As a high school student, I happily find comfort in my fellow female peers—whether they are highly involved in speech and debate, newspaper club, or field hockey, all of my wonderful girl friends are skillful, intelligent, and incredibly motivated. However, I often find myself in physics and computer science classes surrounded by boys, where I feel my voice drowned out; I sit in the back corner, often overcast by excited males, ready to answer any question my teacher throws at them. So how can an experience like this (shared by many STEM-oriented girls) be avoided in school? How can we promote STEMinism (STEM + feminism) in an ever-expanding field filled with new technologies and solutions for prevalent problems?
Though this gap has significantly increased over the past couple of decades, women still populate only a quarter of the available, global STEM occupations. In the computer science field, there is a 4:1 male to female ratio, while women comprise 20% of total physicists. In order to minimize these low percentages and decrease gender disparities is aligning/following through with two ideals (1) exposing girls to STEM concepts in their early youth, and (2) learning about exceptional female STEM role models.
The Bold Inventors Studio cultivates a love for STEM fields for all youth. With lessons that are geared towards kids with friendly, engaging storylines, we instill a passion for approaching issues and brainstorming solutions in any student interested! Furthermore, we emphasize that the hero can be anyone, regardless of their gender--whether it be Freya Friction or Marty Motion, anybody can solve any problem in the world with the right attitude, approach, and teamwork!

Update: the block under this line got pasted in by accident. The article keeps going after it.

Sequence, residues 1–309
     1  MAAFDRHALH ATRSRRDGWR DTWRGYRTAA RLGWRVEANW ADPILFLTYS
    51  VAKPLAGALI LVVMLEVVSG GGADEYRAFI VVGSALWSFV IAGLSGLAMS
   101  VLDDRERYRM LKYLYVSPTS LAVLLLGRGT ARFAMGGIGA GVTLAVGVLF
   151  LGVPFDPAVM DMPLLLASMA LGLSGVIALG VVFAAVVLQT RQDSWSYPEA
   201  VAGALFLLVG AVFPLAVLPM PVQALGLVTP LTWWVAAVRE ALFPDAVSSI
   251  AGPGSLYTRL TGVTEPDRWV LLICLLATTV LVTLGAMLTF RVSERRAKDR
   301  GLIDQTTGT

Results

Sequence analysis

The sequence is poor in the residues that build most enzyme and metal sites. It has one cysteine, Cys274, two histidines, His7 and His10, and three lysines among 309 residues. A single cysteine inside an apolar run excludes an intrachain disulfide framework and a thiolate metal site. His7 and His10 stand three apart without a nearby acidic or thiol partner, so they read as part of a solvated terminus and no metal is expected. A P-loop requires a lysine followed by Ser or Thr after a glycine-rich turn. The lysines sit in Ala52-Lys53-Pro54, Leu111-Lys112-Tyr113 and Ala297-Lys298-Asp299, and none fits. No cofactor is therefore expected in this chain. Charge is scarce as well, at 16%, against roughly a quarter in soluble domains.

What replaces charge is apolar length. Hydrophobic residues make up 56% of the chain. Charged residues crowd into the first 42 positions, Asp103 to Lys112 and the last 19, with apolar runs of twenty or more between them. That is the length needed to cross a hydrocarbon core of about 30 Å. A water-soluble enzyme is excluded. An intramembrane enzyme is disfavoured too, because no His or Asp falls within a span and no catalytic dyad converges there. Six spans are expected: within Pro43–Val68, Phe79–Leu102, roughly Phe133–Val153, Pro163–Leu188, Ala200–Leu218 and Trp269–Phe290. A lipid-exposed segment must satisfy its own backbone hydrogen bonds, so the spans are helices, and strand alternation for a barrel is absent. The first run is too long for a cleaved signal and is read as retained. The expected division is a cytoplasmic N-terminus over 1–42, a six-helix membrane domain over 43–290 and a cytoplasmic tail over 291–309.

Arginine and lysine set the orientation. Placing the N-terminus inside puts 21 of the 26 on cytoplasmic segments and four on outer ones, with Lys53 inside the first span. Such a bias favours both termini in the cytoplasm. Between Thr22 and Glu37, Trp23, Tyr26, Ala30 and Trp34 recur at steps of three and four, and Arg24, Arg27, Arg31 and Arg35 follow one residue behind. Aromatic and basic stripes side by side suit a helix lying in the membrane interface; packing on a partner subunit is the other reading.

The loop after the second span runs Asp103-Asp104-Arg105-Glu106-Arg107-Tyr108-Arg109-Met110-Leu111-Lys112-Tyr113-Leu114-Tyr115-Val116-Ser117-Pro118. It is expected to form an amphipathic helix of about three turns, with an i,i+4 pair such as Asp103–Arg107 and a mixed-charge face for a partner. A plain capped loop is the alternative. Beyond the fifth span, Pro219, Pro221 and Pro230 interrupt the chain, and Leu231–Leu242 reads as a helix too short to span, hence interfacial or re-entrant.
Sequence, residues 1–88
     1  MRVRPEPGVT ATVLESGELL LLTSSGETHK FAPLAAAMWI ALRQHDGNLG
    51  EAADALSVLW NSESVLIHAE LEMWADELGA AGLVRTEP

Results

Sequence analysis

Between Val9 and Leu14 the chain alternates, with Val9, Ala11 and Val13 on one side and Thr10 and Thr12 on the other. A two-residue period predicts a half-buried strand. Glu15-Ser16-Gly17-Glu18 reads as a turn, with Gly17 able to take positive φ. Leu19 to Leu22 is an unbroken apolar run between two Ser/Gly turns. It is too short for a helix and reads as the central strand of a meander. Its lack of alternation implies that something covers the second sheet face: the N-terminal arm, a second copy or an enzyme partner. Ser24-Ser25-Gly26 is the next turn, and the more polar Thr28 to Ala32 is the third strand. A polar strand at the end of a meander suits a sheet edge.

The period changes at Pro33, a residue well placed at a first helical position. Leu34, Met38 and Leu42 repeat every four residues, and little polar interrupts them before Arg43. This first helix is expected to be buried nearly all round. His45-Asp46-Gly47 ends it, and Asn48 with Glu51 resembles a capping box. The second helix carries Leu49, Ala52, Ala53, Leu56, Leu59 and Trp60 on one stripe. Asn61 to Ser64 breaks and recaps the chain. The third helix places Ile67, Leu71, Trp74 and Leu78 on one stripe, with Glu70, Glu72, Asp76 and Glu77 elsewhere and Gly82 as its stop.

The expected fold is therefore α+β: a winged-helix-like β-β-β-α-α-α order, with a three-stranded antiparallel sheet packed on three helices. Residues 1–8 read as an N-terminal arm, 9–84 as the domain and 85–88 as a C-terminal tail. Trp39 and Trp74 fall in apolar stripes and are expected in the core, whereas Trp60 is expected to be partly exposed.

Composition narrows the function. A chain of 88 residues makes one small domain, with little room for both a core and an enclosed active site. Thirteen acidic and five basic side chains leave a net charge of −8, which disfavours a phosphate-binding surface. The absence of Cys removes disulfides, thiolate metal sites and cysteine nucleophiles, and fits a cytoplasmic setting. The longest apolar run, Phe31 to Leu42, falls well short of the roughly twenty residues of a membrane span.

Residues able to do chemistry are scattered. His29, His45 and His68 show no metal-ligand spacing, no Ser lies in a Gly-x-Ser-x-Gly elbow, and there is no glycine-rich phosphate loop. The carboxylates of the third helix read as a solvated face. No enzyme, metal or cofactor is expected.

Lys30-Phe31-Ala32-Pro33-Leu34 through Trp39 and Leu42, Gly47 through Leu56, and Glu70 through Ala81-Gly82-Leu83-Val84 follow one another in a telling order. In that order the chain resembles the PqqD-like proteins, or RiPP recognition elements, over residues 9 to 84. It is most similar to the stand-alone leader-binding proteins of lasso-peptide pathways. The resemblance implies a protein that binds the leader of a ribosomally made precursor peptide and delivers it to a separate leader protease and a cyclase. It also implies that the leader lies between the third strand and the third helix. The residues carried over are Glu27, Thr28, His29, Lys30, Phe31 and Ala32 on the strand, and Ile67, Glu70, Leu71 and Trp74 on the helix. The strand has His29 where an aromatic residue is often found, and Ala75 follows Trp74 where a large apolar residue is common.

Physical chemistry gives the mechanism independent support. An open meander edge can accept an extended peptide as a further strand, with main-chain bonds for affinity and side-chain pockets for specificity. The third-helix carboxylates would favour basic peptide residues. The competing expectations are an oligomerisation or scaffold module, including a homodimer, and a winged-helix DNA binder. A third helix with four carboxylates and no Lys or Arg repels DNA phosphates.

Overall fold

In a classroom setting, an apparent obstacle is engaging children with seemingly convoluted information. Teaching cellular respiration, for example, solely by lectures and PowerPoint slides can lead these young students lost--and possibly even overwhelmed. How can we approach this hurdle in a world ever-so prevalent with scientific innovation? More importantly, how can we express these concepts in a friendly, captivating manner while also inculcating a further love and appreciation for STEM?
The Bold Inventors Studio utilizes creative, yet methodical, means to promote interest in the sciences and technology. As young children, we were attracted to books and videos splattered with bright colors, bold text, and heartwarming characters. Our whole process begins with an animated story that encapsulates the above qualities, introducing an enticing hurdle that sparks curiosity and a desire to problem-solve among students. Our design-thinking then enables these students to explore creative outlets, ushering experimentation and innovative, tangible solutions.
Though this process is initiated by an imaginative situation, many of the scientific concepts covered are highly applicable to everyday life; The Bold Inventors Studio lessons connect students to the ongoing technological news, as well as real-world problems. Similarly, the engineering design process that the students take part in is heavily utilized by professionals. Whether they are designing a novel, world-class tablet, or redesigning a long-standing kitchen tool, engineers around the world implement brainstorming sessions, repeatedly assessing the pros and cons of fabricated prototypes to innovate a product with maximized potential. Thus, our programs not only provide an outlook on the procedures with which professionals are involved, but also equip students with the thought processes of these STEM-enthusiastic individuals. Introducing and enabling children to toy with these methods further intrinsically promote students’ long-term engagement with STEM.